It refers to the meat, and you can tell from the fact that there is an -a ending for the adjective, indicating the usage of partitive case. Partitive case isn't necessary when we're talking about one whole countable thing, like a chicken instead of meat from a chicken. If this were about one such animal rather the meat from it, there wouldn't be an -a ending for the adjective.
Plenty. Those are pretty much anything that can't be divided into units, such as "ilma", which means "air". An example of those that aren't inherently mass nouns is "olut", meaning "beer", which is technically a mass noun, but since it can be and often is poured into glasses, it often is treated like a singular when the beer in the glass is conceptualised as one beer rather than some beer.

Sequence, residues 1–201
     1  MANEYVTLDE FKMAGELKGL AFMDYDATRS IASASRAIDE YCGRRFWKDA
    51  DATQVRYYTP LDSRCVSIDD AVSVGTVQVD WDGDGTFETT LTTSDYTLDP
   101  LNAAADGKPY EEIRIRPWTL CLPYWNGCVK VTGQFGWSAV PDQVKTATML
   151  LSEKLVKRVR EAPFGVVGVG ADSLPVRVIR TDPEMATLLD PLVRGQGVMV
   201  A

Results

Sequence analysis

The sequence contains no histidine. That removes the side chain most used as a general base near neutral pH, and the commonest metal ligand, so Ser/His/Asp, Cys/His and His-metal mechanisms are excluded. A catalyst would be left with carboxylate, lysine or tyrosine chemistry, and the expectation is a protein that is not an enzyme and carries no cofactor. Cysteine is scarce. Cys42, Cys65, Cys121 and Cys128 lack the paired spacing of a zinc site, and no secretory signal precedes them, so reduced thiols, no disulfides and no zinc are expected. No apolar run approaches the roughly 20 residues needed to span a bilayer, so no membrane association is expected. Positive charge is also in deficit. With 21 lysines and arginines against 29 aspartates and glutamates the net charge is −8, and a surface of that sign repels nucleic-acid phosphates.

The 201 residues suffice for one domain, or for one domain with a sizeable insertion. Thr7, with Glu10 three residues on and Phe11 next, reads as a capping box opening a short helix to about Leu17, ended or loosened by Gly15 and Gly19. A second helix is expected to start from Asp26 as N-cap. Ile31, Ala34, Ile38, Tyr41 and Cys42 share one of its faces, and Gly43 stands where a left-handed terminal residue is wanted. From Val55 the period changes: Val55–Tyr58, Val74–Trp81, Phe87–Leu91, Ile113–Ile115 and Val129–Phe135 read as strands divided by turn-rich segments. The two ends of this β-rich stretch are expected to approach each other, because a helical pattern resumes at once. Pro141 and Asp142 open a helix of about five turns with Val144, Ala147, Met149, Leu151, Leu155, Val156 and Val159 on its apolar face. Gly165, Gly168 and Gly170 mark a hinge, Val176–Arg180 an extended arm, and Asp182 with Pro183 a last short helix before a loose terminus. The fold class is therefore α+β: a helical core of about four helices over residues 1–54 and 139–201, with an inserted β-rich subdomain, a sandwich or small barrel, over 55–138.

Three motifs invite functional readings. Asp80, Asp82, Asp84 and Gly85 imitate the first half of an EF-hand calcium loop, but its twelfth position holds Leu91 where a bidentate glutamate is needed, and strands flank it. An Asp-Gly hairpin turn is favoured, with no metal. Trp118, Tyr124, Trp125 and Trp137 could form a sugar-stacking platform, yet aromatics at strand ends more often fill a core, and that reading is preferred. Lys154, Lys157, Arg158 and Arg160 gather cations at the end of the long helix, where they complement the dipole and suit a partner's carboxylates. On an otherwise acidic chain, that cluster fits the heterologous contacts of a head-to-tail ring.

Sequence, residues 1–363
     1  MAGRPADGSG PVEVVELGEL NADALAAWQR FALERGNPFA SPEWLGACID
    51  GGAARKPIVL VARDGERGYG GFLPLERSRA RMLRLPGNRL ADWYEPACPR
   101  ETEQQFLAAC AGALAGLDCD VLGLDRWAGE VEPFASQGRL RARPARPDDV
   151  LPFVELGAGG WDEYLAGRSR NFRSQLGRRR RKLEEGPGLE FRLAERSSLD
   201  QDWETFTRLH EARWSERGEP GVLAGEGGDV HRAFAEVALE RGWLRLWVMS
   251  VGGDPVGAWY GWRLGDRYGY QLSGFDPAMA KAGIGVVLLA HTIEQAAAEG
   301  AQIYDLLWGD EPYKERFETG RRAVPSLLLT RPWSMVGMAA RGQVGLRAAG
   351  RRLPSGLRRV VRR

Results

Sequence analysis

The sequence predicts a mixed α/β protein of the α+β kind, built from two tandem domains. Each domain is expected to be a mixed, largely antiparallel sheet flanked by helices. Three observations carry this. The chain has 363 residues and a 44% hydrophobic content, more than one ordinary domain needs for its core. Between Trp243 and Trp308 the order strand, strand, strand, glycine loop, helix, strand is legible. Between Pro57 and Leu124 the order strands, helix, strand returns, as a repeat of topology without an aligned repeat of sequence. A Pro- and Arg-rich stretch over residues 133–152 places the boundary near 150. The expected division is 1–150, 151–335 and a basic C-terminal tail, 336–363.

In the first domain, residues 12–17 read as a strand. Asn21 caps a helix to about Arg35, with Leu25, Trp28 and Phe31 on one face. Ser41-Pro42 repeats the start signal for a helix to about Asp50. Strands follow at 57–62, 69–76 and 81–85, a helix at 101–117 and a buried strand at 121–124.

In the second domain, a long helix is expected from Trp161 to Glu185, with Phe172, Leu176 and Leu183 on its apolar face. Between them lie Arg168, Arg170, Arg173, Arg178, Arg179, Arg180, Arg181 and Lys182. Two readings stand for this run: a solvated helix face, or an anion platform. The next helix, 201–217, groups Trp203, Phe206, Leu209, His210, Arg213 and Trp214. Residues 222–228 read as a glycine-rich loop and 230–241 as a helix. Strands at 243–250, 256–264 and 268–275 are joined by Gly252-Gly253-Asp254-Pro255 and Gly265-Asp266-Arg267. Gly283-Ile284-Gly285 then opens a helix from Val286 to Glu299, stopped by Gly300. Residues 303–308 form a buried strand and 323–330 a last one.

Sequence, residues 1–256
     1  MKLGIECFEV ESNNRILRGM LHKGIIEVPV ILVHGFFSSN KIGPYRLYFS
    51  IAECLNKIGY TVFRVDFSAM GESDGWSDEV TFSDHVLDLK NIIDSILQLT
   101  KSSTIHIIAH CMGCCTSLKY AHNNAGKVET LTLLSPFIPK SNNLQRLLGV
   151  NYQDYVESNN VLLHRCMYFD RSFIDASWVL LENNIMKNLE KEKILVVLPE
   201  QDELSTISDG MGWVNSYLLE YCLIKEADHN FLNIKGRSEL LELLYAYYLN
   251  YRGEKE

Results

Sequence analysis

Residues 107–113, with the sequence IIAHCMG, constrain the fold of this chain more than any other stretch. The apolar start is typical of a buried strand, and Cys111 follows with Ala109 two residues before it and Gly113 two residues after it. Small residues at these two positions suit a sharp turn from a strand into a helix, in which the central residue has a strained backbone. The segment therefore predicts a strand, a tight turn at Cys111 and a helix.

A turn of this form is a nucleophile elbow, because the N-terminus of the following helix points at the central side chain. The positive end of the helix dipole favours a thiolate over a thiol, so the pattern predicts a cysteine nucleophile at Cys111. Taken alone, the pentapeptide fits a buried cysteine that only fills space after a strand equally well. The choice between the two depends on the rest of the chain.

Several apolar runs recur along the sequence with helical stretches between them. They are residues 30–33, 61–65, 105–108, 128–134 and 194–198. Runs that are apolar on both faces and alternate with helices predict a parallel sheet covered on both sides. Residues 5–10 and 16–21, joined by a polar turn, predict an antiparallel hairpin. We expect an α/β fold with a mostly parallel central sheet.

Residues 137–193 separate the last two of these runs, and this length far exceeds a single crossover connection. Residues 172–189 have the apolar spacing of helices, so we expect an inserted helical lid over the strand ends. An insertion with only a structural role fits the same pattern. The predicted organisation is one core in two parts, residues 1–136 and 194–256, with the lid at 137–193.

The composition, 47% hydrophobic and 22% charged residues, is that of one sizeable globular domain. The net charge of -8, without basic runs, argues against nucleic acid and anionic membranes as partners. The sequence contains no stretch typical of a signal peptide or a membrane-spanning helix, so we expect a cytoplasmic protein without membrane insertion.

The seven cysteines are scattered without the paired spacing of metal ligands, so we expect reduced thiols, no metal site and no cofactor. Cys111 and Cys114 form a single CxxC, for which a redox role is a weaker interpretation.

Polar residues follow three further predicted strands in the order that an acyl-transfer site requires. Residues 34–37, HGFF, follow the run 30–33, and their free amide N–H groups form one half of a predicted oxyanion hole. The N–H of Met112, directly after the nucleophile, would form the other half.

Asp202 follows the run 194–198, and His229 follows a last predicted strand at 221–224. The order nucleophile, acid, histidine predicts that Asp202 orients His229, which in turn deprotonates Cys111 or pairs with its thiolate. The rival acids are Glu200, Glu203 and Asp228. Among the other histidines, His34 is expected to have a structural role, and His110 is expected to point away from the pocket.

One wonders if strange is such a terribly common word in Finnish. You seem to use it rather a lot, but I had to ponder a couple of minutes to recall the equivalents from Spanish and Italian, languages I know quite well. Does this show a judgmental tendency by the Finns or is it just high on a word list for Finnish teachers?